Linked by Thom Holwerda on Mon 26th Jan 2009 17:46 UTC, submitted by Richard
Windows Let's combine the two most popular topics on the internet today into one: Windows 7 on netbooks. Microsoft has already confirmed that it will ship a version of Windows 7 designed for netbooks, the popular small laptops that appear to be the only bright spot in an otherwise abysmal PC industry climate. However, with various reports indicating that Windows 7 already runs fine on netbooks, this raises the question: what exactly is Microsoft planning?
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RE[4]: Comment by shotsman
by lemur2 on Tue 27th Jan 2009 13:45 UTC in reply to "RE[3]: Comment by shotsman"
lemur2
Member since:
2007-02-17

I didn’t mean that you could/couldn’t run 32 & 64-bit apps at the same time, I meant that in order to have a 64-Bit OS on a PC, you have to go through an insane amount of hurdles.


Not at all ... if it is a 64-bit Linux OS on your PC. The liveCD for the 64-bit version installs a configuration of repositories for 64-bit versions of the binaries for you. It is all automatic, and just works.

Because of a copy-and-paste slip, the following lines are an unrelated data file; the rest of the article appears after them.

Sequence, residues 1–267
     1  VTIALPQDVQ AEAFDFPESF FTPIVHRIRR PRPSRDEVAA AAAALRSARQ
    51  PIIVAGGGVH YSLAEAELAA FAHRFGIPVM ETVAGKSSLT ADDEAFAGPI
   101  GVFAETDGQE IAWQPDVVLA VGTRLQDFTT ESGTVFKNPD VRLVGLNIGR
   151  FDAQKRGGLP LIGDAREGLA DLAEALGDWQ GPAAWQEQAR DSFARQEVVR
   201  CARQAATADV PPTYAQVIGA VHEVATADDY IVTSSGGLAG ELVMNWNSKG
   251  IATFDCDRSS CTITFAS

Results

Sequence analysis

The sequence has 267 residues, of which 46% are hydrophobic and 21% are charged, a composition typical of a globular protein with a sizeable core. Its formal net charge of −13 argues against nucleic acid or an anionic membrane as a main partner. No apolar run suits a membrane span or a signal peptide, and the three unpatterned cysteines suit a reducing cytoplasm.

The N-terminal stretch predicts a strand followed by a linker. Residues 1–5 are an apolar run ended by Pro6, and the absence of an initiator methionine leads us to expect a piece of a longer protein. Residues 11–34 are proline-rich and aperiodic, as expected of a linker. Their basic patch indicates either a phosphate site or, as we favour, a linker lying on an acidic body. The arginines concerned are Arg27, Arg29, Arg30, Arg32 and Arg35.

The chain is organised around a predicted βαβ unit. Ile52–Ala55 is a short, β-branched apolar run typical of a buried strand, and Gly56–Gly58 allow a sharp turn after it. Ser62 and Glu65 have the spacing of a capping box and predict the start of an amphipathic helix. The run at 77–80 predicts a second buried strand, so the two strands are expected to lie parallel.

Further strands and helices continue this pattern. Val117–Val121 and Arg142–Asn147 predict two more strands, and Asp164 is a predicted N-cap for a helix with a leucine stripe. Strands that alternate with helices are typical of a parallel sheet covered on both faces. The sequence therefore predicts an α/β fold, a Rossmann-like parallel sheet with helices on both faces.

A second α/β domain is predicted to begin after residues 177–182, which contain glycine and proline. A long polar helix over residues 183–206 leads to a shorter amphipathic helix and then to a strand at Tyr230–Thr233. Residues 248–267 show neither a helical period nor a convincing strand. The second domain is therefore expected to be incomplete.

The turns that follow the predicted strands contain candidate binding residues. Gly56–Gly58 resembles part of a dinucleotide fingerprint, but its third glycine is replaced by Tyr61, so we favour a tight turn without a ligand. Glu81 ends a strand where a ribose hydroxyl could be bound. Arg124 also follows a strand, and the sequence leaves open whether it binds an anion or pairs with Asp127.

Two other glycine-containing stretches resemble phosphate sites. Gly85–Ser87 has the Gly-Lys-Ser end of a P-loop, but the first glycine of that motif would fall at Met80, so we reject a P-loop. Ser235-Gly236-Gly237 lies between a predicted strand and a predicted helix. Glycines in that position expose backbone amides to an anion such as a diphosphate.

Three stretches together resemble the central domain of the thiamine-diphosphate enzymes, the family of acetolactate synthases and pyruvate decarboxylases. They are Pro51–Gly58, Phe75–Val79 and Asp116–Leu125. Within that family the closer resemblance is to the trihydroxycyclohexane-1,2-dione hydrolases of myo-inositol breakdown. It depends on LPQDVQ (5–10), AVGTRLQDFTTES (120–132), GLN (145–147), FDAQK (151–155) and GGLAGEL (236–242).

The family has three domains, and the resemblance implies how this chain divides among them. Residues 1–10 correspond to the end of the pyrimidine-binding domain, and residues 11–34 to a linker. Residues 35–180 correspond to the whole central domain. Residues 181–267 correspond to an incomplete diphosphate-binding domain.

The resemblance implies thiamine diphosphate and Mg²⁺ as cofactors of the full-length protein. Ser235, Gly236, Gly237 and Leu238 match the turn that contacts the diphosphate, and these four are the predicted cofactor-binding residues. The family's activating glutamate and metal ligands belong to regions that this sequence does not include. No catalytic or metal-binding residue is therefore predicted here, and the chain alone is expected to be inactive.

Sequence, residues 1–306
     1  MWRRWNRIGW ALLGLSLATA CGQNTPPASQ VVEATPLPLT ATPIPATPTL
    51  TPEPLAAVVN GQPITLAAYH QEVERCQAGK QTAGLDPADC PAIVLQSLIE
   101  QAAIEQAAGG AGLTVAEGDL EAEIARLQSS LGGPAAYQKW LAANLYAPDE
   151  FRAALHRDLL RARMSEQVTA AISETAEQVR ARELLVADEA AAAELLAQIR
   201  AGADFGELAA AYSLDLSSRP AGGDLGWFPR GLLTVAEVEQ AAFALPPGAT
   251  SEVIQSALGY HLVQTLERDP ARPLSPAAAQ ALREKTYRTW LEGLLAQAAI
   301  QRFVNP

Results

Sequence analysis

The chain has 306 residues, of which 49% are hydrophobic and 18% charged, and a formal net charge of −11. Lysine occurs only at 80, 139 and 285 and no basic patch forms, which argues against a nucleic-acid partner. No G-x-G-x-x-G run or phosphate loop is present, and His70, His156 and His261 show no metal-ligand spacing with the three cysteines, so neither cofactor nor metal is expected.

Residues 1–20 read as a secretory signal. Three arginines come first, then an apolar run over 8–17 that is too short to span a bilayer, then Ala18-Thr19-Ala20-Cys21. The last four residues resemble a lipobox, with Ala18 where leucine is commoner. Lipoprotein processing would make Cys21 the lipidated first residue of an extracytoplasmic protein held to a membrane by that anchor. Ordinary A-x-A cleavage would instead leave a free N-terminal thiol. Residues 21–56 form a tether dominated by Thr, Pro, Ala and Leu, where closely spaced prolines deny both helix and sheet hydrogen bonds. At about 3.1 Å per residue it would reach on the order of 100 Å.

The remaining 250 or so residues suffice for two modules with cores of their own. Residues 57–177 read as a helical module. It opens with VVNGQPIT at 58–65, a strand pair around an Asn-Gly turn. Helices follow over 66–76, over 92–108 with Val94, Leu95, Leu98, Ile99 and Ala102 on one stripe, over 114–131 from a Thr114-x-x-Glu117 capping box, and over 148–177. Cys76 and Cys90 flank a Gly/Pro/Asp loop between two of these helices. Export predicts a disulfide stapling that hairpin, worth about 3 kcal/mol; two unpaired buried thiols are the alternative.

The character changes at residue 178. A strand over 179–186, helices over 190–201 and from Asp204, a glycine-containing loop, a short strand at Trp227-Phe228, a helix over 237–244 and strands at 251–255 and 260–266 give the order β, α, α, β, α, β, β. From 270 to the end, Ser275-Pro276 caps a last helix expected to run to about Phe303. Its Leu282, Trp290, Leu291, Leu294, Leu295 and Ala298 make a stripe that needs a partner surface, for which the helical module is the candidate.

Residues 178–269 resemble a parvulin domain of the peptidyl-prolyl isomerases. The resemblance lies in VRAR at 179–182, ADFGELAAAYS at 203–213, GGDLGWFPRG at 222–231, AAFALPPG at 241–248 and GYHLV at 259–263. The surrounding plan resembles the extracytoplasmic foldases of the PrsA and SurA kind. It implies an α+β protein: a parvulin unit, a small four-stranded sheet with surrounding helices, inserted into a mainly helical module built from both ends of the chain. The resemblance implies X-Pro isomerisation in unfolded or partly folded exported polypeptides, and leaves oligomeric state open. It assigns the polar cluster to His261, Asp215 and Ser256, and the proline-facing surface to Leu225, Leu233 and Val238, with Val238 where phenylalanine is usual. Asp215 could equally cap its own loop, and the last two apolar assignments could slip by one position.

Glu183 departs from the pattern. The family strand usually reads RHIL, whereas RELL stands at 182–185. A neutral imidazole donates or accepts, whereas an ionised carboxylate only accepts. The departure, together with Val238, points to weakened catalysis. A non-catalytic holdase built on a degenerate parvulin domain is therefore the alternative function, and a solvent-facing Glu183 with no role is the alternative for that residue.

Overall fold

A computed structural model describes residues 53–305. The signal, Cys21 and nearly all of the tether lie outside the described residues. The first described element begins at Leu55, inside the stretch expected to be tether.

You have to download different EXEs or installers for your apps.


Oh, you meant Windows, not just PC. Sorry, you are right .. Windows is a mess.

Users cannot handle this.

How do Microsoft expect regular users to send off for an x64 DVD, then install it, locate the drivers, and then locate and download 64-bit versions of the apps they have. It’s complete bullcrap; excuse my language.


Microsoft brought this on themselves. They insisted that hardware OEMs write Windows drivers. If they bit the bullet, and had hardware OEMs publish specifications, so that OS programmers wrote the drivers, then Windows wouldn't be in this mess.

But Microsoft were sooooo clever (in insisting that hardware OEMs deliver binary drivers only, and normally, only for Windows, thereby forcing other OS vendors to try to compete by writing drivers in the dark) that they have bamboozled themselves. The other OS vendors now have the source code for their drivers, and Microsoft doesn't.

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